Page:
9.12. htons(), htonl(), ntohs(), ntohl()

Convert multi-byte integer types from host byte order to network byte order


#include <netinet/in.h>

uint32_t htonl(uint32_t hostlong);
uint16_t htons(uint16_t hostshort);
uint32_t ntohl(uint32_t netlong);
uint16_t ntohs(uint16_t netshort);


Just to make you really unhappy, different computers use different byte orderings internally for their multibyte integers (i.e. any integer that's larger than a char.) The upshot of this is that if you send() a two-byte short int from an Intel box to a Mac (before they became Intel boxes, too, I mean), what one computer thinks is the number 1, the other will think is the number 256, and vice-versa.

The way to get around this problem is for everyone to put aside their differences and agree that Motorola and IBM had it right, and Intel did it the weird way, and so we all convert our byte orderings to "big-endian" before sending them out. Since Intel is a "little-endian" machine, it's far more politically correct to call our preferred byte ordering "Network Byte Order". So these functions convert from your native byte order to network byte order and back again.

(This means on Intel these functions swap all the bytes around, and on PowerPC they do nothing because the bytes are already in Network Byte Order. But you should always use them in your code anyway, since someone might want to build it on an Intel machine and still have things work properly.)

Note that the types involved are 32-bit (4 byte, probably int) and 16-bit (2 byte, very likely short) numbers. 64-bit machines might have a htonll() for 64-bit ints, but I've not seen it. You'll just have to write your own.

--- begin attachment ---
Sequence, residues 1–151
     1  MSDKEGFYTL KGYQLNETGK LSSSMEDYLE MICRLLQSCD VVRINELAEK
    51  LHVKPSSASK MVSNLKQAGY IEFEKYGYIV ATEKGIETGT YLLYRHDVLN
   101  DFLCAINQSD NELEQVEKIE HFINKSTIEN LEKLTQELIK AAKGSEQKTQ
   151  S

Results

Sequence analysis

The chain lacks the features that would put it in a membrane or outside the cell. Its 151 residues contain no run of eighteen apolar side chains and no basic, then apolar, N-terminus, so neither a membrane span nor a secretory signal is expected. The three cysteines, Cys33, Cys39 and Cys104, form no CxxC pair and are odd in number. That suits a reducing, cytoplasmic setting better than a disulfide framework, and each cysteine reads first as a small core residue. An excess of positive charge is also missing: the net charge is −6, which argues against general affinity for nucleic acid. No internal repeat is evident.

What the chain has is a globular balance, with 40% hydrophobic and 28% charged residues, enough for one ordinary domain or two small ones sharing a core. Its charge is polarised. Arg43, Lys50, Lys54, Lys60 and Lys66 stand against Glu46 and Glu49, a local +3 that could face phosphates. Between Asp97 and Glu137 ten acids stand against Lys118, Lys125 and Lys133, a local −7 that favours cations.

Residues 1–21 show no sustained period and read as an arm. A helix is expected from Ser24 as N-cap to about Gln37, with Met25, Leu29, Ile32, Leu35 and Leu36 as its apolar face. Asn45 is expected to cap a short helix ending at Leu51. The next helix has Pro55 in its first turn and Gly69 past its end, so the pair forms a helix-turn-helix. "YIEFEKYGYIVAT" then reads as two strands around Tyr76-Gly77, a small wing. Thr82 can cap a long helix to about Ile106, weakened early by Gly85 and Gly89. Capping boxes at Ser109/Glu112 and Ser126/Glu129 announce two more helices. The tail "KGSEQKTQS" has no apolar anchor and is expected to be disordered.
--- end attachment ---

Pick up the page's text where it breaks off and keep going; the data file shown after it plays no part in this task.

Anyway, the way these functions work is that you first decide if you're converting from host (your machine's) byte order or from network byte order. If "host", the the first letter of the function you're going to call is "h". Otherwise it's "n" for "network". The middle of the function name is always "to" because you're converting from one "to" another, and the penultimate letter shows what you're converting to. The last letter is the size of the data, "s" for short, or "l" for long. Thus:


host to network short


host to network long


network to host short


network to host long

Return Value

Each function returns the converted value.


uint32_t some_long = 10;
uint16_t some_short = 20;

uint32_t network_byte_order;

// convert and send
network_byte_order = htonl(some_long);
send(s, &network_byte_order, sizeof(uint32_t), 0);

some_short == ntohs(htons(some_short)); // this expression is true